- Grow organic sales 1% to 2% faster than market growth in the categories and countries where we compete
- Deliver core earnings per share (core EPS) growth of high single to low double digits
- Generate free cash flow productivity of 90% or greater
We made meaningful progress toward these long-term goals for fiscal 2011, despite significant external challenges.
- Organic sales grew 4%. Organic volume grew 5%.
- Core earnings per share grew 8%.
- Free cash flow productivity was 84% of net earnings.
We increased our quarterly dividend by 9%, making this the 121st consecutive year that P&G has paid a dividend and the 55th consecutive year that the dividend has increased.
Over the past 55 years, P&G’s dividend has increased at an annual compound average rate of approximately 9.5%. In total, we paid approximately $5.8 billion in dividends in fiscal 2011.
We also returned $7.0 billion to shareholders through the repurchase of P&G stock. Based on our current market capitalization, dividends and share repurchase, we provided shareholders with an effective cash yield of nearly 7%, with additional potential for capital appreciation.
This is good performance in a very demanding business and economic environment. It is not yet great performance. I am confident, however, that we will continue to grow our business on the strength of our Purpose-inspired Growth Strategy:
- We are executing the strategy as planned, with unrelenting focus on innovation.
- We are increasing productivity, which frees up resources to invest in innovation.
- We continue to strengthen our portfolio of businesses.
- We are tackling growth challenges head on.
- We have solid, executable plans in place to capture the enormous growth potential that our strategy creates.
Further, P&G people are inspired and are performing heroically to improve lives, to grow our business, and to create value for our shareholders. My objective, with this Letter, is to explain what we are doing in each of these areas.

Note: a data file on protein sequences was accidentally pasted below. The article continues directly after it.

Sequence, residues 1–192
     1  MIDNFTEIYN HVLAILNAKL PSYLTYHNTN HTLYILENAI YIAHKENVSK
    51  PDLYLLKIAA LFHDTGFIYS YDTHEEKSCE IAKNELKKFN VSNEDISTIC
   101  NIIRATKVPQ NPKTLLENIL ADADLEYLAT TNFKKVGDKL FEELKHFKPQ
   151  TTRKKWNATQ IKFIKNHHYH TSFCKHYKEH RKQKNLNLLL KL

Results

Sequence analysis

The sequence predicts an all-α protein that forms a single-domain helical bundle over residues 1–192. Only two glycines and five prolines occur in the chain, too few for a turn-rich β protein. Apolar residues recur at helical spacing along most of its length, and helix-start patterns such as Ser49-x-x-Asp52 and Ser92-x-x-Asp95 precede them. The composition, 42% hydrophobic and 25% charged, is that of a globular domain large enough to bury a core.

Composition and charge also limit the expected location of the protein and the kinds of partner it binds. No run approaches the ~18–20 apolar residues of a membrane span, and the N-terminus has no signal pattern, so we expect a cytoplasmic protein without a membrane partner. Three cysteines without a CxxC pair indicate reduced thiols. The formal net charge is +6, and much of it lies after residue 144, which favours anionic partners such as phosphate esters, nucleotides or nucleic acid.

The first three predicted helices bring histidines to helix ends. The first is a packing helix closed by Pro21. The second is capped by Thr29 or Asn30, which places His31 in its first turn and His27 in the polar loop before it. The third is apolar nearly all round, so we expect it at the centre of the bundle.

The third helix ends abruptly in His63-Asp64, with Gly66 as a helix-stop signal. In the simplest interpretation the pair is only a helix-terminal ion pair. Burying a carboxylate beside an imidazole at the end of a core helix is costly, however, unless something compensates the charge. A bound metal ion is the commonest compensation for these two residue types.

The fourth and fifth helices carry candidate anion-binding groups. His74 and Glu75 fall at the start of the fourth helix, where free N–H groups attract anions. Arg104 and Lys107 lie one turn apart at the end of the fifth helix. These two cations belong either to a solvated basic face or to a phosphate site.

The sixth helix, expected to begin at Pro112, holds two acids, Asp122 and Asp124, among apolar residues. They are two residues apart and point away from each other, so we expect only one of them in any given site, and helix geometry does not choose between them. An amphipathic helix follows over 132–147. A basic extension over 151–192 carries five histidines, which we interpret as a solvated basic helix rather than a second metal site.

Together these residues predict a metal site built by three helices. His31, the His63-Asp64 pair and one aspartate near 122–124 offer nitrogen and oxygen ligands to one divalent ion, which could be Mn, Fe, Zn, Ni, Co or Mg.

P&G’s Purpose is to touch and improve people’s everyday lives. This is an inspiring but demanding aspiration. There are nearly seven billion people on the planet today and we are currently reaching about 4.4 billion of them. We want to reach all of them with products and services that make their everyday lives a little better. We know that if we do this well, we’ll be rewarded with sales and profit growth, market share leadership, a strong company reputation and, ultimately, the creation of value that allows our people, our shareholders and the communities in which we live and work to prosper.
Our growth strategy, which we established two years ago, is inspired by our Purpose. We are executing this strategy by innovating to improve people’s everyday lives in every part of the world, and by then expanding our portfolio of innovation up and down price tiers, into new markets, and into new and existing product categories.
This strategy is fundamentally right for P&G because it inspires our people and our partners, focuses us where the growth opportunities are greatest, and leverages our core strengths: consumer understanding, brand building, go-to-market capability, global scale and, most importantly, innovation.
Innovation is the driving force behind our strategy, as it always has been at P&G. Our experience has proven that price promotion may win a quarter here and there, but innovation wins decades.
There are many examples to prove this. Take our Laundry business in the U.K., for instance. In the late 1970s, we were competing hard just to defend and maintain our 35% market share leadership position. We then stepped up our innovation efforts. In the three decades since, we’ve introduced a series of game-changing innovations such as Daz automatic detergent, concentrated liquid detergent, and most recently, Liquitabs. We now enjoy around a 50% share.